A few minutes later I saw a car pull up right in front of the Hall of Fame. There was an immediate “buzz” around the vehicle so I craned my neck. After a minute, the trunk popped open and the man who had to get a special commissioner’s placement on the Team of the Century, Stanley Frank Musial, stepped out. He worked his way around to the trunk, waving and grinning at people, “How ya doin? How ya doin? Good, good good. Wonnerful! Wonnerful!” Stan then pulled a folded-up wheelchair from the trunk and brought it around to the door where he helped Lil, his wife, get into it. He then wheeled her on up a ramp into the Hall, shaking hands and even signing a few things along the way, the sun shining warmly down on his smiling face and reflecting off the harmonica he had in his breast pocket. Meanwhile the Greatest Living Ballplayer sat behind a yellow curtain in a basement hot dog stand, Sharpie in hand...

Long Live the Man.


TINO FOR RUST I don't know. I'm glad to see Tino go, but there must have been no one besides Tampa Bay bidding for his services. We're on the line for $7 million of the $8.5 guaranteed Tino, and all we got in return was some middling 25-year-old minor league reliever and a PTBNL? Maybe Evan Rust will amount to something. He throws a mid-90s fastball and a hard curve, and can actually strike out a few guys (unlike most of our bullpen last year), so who knows.

I'm bummed we couldn't pry loose a better arm from the D-Rays, but let's be realistic. Tino is, production-wise, in a league with guys like J.T. Snow and Scott Spezio. Sure, Anaheim paid Spezio $4.25 million last year, and the Giants handed out $6.85 million to Snow, but the market is now coming down to earth, and guys like that will (and should) be making more like $1.5 million, which is exactly what Tampa was willing to part with for Tino's services.

When I think of Tino's career, I'll always think of Mike Shannon calling one of his at-bats back in May: "Swing and a THREE-RUNNER! How 'bout that! Way to go, Tino! [beat] No, it's gonna fall short." Fly out to the warning track. Was the acquistion of Tino Martinez the worst of Jocketty's Cardinal career? Possibly. Back in June we said it was his third worst signing, after the Danny Jackson and Scott Radinsky deals. But when you consider that we will be paying the Devil Rays $6 million to play Tino next year, in exchange for a would-be could-be set-up man, then you have to say that December 18, 2001 could be the ugliest splotch on Jocketty's record.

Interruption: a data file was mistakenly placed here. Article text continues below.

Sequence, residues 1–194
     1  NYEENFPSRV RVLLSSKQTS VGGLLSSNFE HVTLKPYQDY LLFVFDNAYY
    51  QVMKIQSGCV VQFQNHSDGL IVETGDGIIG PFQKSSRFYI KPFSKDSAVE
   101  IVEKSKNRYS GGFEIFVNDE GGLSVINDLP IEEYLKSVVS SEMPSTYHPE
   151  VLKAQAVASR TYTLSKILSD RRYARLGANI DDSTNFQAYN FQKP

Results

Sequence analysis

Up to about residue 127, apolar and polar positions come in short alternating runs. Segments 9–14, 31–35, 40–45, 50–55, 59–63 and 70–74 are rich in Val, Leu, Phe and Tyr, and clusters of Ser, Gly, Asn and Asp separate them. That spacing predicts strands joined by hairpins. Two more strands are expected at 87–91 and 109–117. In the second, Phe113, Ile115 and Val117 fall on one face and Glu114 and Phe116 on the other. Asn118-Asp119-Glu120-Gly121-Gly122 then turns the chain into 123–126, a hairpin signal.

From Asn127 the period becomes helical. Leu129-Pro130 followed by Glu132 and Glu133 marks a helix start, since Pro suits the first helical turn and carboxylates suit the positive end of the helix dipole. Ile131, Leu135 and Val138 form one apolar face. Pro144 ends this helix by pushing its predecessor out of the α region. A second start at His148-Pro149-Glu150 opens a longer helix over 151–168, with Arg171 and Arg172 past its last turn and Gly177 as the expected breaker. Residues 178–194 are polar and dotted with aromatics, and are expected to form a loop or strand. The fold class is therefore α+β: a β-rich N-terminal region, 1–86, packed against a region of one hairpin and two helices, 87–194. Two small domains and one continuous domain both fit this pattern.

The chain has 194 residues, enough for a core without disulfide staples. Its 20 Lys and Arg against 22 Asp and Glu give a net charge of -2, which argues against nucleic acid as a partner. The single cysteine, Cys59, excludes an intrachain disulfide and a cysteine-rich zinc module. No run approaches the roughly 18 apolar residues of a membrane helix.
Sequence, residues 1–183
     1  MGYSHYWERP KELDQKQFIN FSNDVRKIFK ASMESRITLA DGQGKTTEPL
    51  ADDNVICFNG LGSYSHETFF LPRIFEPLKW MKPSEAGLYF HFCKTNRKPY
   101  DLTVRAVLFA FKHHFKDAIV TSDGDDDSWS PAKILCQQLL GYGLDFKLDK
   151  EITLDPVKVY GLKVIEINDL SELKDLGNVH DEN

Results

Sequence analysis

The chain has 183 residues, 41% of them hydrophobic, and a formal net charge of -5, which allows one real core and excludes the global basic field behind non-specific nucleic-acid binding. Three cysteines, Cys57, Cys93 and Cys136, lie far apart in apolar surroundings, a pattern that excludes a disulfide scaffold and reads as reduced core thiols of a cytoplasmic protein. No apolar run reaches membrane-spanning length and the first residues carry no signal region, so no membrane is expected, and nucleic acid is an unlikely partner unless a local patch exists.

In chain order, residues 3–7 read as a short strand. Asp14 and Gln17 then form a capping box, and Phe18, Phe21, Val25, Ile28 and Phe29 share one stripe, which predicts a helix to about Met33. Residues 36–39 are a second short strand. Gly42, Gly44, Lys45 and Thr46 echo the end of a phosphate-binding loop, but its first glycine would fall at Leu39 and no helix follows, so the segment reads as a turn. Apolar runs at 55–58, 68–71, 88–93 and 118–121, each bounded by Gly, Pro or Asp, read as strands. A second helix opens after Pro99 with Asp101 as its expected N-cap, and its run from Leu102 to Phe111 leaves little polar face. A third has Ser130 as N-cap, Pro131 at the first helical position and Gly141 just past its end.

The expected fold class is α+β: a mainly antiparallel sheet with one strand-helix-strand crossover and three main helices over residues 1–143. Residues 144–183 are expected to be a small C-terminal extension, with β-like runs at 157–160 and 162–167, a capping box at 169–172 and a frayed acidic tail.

For more on today's trade, check out Christian Ruzich's fine new baseball blog, The Transaction Guy. Christian's a great guy (you may remember the guest post he did on Redbird Nation back in August), so be a pal and stroll by his site.

STADIUM TEDIUM Doug Pappas has some added goods on construction and funding of the new stadium downtown:

The Cardinals must turn over to the state $58.9 million of land and/or marketable securities. The club will contribute $50 million of its own money toward stadium construction. In addition, the company that will own the stadium and lease it to the Cardinals for 29 years will borrow $183 million and obtain $47 million from equity investors. The Cardinals have also committed to spend $60 million developing two blocks of a proposed six-block "Ballpark Village" office and residential development, to be constructed on the site of the present Busch Stadium.

That'll be a sad day when they blow up Busch, won't it?

RICH LEDERER calls Marty Marion's 1944 MVP award for the St. Louis Cardinals the worst MVP selection in the history of the National League. Hard to argue with that.

AND HAPPY BIRTHDAY TO STAN MUSIAL, who turns 83 today. As the aforementioned Marty Marion once said, "if you don't like Stan, you don't like anybody."

And here's Bill James' list of the greatest living ballplayers (non-active guys only; we'll get to Barry and Rickey ten years from now, or whenever they retire, whichever comes first):

1. Willie Mays
2. Stan Musial
3. Henry Aaron
4. Joe Morgan
5. Mike Schmidt
6. Frank Robinson
7. George Brett
8. Mark McGwire
9. Pete Rose
10. Warren Spahn


Thursday, November 20, 2003


FIRST RENTERIA finishes 15th in NL MVP voting -- now this humiliation. Word is E-Rent finished second for the prestigious title.


A LITTLE LOVE from up North.


MVPs WITH ASTERISKS There are two excellent articles in Slate, both about the taint that surrounds the two greatest baseball players on earth, Barry Bonds and Alex Rodriguez.

With Bonds the issue is, as always, steroids. (Of course, there's the issue of Bonds' lousy attitude too, which is good for a few potshots by lazy sports columnists.) Bonds was recently subpoenaed in a federal investigation of the maker of THG, a so-called "designer" steroid, and a whole new round of whispers about Bonds' accomplishments have begun to fly. Slate's Charles Pierce explains how this latest steroid flap has blossomed into a witchhunt, short on evidence and long on pious denunciations.